Half-day workshop @ ICDL-EpiRob 2014 - October 13, 2014

Development of body representations in humans and robots

  • Goal

    The goal of this workshop is to explore the possibility of robots developing models inspired by the mechanisms of human body representations. In this way, they can on one hand become new modeling tools for empirical sciences – expanding the domain of computational modeling by anchoring it to the physical environment and a physical body. Consequently, complete sensorimotor loops can be instantiated and not only algorithms but whole behaviors validated. On the other hand, robot controllers endowed with multimodal whole-body awareness and plasticity typical of humans should give rise to – in robotics unprecedented – autonomy, robustness, and resilience.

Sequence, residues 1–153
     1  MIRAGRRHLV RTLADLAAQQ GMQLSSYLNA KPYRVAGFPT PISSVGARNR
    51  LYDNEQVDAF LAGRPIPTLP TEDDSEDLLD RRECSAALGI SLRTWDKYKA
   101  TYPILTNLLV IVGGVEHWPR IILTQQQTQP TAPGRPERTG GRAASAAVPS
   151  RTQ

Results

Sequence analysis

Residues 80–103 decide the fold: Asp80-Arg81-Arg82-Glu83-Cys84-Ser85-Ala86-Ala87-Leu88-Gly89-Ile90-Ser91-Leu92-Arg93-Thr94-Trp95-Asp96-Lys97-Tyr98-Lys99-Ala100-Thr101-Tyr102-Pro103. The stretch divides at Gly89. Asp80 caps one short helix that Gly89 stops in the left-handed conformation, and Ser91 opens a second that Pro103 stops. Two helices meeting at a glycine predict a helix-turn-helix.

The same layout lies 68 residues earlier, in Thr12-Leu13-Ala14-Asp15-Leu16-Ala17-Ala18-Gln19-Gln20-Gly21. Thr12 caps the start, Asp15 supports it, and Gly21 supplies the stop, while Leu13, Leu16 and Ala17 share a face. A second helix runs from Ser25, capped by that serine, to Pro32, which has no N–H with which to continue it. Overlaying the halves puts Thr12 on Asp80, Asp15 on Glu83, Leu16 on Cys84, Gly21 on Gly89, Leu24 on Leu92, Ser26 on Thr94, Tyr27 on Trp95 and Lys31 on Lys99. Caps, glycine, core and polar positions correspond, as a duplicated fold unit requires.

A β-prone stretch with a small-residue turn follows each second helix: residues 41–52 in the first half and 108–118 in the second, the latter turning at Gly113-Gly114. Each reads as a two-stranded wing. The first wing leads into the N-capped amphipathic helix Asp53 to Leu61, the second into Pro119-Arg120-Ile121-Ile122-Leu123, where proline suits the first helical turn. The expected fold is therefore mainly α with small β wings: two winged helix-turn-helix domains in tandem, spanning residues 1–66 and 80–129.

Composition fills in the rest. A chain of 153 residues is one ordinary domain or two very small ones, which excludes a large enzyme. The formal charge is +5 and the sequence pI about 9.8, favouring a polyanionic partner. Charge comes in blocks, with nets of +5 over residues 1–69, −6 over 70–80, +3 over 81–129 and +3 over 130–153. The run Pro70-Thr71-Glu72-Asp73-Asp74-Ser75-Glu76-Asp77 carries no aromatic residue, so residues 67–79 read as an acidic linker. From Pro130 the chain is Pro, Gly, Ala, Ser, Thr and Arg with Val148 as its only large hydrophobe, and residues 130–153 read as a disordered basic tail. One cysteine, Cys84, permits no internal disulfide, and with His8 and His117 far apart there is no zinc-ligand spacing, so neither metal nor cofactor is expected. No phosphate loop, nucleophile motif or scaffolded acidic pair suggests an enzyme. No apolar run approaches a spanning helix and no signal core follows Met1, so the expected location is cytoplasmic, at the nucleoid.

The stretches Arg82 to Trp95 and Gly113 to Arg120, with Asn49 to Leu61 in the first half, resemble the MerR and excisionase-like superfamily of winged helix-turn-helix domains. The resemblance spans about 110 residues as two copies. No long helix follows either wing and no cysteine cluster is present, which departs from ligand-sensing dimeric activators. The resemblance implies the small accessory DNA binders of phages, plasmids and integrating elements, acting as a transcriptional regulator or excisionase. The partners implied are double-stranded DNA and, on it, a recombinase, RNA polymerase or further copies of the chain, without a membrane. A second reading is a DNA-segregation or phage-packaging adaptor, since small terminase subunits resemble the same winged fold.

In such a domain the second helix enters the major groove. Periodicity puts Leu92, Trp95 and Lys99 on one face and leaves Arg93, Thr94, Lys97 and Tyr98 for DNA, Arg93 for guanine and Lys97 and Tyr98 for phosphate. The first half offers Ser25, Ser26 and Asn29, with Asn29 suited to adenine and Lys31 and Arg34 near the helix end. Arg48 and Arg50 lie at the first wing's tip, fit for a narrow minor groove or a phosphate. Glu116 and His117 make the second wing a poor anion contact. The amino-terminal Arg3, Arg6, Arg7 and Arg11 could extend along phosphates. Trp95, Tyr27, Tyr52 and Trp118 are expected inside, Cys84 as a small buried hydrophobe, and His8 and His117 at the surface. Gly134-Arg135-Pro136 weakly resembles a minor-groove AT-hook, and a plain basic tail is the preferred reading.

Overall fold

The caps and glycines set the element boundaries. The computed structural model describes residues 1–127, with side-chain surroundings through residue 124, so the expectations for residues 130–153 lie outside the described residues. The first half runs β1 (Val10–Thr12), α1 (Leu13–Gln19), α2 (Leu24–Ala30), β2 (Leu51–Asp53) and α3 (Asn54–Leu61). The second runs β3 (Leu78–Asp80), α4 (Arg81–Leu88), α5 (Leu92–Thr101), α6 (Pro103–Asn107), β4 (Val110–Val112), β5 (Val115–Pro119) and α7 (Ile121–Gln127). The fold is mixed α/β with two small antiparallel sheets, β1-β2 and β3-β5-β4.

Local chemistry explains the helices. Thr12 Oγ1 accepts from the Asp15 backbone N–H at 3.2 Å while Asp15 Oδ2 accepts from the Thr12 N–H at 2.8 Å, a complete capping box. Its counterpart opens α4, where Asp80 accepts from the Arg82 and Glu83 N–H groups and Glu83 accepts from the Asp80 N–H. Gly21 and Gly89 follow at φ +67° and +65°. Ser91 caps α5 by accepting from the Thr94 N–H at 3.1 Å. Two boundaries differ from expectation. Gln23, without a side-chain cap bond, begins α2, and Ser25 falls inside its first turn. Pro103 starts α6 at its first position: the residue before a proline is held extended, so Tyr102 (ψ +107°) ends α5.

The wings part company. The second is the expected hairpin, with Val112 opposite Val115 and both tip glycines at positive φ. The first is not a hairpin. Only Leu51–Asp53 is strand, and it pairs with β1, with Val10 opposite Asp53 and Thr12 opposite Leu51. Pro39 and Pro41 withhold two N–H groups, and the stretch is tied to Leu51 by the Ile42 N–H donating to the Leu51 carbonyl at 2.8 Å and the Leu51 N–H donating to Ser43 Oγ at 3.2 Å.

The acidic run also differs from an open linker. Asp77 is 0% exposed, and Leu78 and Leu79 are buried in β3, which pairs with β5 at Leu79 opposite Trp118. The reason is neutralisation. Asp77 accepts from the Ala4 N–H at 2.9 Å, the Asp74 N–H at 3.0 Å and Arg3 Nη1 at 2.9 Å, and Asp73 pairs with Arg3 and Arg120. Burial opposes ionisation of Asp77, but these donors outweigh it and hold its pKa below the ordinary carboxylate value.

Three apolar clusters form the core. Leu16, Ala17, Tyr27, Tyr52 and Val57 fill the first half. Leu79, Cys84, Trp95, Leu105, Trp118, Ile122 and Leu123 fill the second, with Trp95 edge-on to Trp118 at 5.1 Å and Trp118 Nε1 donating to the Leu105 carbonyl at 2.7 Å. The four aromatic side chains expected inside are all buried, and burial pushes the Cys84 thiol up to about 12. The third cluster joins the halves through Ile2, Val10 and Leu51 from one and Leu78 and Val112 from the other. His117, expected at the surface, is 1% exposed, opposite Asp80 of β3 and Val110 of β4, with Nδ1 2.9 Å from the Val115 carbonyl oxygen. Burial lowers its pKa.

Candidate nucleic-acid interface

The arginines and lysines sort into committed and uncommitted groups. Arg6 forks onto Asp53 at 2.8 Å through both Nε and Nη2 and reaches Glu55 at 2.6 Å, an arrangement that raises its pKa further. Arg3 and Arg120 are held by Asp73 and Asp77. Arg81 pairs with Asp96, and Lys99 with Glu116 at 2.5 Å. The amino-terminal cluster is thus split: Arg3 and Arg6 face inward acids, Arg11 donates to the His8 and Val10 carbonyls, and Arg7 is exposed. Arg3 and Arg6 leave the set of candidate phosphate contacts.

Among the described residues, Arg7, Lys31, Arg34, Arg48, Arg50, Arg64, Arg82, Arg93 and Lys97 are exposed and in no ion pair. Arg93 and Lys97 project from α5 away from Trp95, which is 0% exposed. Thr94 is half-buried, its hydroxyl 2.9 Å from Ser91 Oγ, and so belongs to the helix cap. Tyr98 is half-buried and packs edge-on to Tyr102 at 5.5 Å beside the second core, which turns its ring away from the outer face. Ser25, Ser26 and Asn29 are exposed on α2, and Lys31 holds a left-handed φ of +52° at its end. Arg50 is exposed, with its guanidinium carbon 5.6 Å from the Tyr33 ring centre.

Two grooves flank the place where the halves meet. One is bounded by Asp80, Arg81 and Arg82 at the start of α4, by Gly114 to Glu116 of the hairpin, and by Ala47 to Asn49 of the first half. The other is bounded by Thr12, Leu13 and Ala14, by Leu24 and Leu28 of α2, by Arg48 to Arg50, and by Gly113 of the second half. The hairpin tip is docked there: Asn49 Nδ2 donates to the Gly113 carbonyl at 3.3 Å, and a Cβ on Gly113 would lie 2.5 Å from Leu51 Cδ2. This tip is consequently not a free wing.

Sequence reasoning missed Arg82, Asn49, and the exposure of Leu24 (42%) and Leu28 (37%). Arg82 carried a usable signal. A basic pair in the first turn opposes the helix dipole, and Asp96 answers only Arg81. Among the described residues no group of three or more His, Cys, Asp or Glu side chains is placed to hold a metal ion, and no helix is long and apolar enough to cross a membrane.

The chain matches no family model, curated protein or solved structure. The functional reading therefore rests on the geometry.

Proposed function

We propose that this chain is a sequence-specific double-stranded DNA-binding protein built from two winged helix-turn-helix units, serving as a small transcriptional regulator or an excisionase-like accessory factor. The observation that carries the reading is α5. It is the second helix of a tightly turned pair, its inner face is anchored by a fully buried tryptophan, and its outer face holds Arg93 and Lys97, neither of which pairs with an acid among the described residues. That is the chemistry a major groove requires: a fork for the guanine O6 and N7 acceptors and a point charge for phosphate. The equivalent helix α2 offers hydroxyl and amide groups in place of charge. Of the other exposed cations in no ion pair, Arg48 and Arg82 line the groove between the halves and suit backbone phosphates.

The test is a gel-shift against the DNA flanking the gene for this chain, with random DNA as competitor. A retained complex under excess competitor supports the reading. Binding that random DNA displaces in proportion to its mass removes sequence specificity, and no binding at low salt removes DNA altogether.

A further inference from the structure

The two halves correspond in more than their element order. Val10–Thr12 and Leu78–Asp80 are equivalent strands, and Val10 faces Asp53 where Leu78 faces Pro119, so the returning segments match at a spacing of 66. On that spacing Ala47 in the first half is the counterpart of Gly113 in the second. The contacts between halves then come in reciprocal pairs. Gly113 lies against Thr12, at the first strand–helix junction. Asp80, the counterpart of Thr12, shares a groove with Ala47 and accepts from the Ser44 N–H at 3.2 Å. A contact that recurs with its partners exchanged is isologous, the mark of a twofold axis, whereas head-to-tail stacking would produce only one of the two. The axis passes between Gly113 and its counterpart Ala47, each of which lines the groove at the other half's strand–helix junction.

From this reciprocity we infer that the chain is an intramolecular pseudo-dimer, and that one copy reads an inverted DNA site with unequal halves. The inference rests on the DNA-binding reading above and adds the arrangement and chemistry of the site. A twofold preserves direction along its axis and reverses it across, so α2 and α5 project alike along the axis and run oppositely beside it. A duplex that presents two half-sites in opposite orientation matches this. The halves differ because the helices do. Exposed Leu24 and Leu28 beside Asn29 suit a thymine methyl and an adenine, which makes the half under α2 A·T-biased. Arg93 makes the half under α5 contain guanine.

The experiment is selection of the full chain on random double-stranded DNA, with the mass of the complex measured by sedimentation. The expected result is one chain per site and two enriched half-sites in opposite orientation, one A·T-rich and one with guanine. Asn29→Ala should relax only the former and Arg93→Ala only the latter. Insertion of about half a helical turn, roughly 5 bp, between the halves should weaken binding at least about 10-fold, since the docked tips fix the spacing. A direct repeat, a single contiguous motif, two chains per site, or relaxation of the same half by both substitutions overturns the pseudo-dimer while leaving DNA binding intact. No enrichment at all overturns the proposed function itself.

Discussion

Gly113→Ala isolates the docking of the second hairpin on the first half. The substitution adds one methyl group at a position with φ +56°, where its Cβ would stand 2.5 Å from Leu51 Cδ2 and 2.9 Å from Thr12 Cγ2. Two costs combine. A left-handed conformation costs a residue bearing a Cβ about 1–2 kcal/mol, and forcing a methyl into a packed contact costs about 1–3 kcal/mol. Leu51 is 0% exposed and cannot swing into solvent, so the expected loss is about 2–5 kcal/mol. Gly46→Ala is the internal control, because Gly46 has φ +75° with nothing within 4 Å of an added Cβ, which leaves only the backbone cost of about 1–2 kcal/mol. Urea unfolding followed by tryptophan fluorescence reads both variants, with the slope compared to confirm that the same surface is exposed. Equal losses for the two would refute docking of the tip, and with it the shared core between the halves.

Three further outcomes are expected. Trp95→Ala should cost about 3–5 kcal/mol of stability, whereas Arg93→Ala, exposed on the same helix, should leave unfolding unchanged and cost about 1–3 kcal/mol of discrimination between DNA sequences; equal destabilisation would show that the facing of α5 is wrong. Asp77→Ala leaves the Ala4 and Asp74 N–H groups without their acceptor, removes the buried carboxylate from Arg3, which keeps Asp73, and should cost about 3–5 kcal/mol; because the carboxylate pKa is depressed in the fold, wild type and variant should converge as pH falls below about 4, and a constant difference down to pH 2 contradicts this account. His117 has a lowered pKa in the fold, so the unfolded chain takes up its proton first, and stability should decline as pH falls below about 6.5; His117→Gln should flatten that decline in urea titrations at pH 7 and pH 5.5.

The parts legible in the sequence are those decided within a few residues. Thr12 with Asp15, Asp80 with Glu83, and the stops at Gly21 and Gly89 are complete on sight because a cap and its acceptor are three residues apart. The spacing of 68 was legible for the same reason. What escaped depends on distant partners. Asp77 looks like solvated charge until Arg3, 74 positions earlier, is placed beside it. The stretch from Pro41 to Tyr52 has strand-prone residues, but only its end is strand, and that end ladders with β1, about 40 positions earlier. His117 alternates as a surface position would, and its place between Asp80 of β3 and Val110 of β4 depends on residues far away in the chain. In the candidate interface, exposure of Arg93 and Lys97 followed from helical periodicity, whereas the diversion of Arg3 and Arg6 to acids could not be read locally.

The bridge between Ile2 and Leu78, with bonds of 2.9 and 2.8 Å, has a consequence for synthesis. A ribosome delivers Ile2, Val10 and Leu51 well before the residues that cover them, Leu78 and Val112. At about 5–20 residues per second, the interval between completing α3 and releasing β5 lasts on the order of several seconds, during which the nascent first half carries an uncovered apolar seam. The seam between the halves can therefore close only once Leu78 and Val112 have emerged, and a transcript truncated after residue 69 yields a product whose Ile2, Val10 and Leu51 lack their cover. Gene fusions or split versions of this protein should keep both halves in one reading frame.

In order to achieve a variety of goals, humans and animals seamlessly command their highly complex bodies in space and concurrently integrate multimodal sensory information. To support these capabilities, it seems that knowledge or representation of the body and the surrounding space is necessary. In this regard, a number of concepts like body schema and body image were proposed. However, a growing number of studies from psychology and the neurosciences suggests that body schema or image are in fact mere umbrella terms, encompassing a multitude of different body representations that may be partially overlapping, partially dissociable, and partially organized in a hierarchy. Yet, empirical knowledge regarding the workings of these representations of our bodies in the brain is fragmented and sometimes contradictory and a coherent understanding of the key mechanisms is missing. Furthermore, computational models are scarce and address at the most isolated subsystems. Humanoid robots possess morphologies – physical characteristics as well as sensory and motor apparatus – that are in some respects akin to human bodies. However, their body representations, so-called plant models, have largely opposite properties to those that we suspect in humans – robot models are typically centralized, fixed, explicit, and amodal.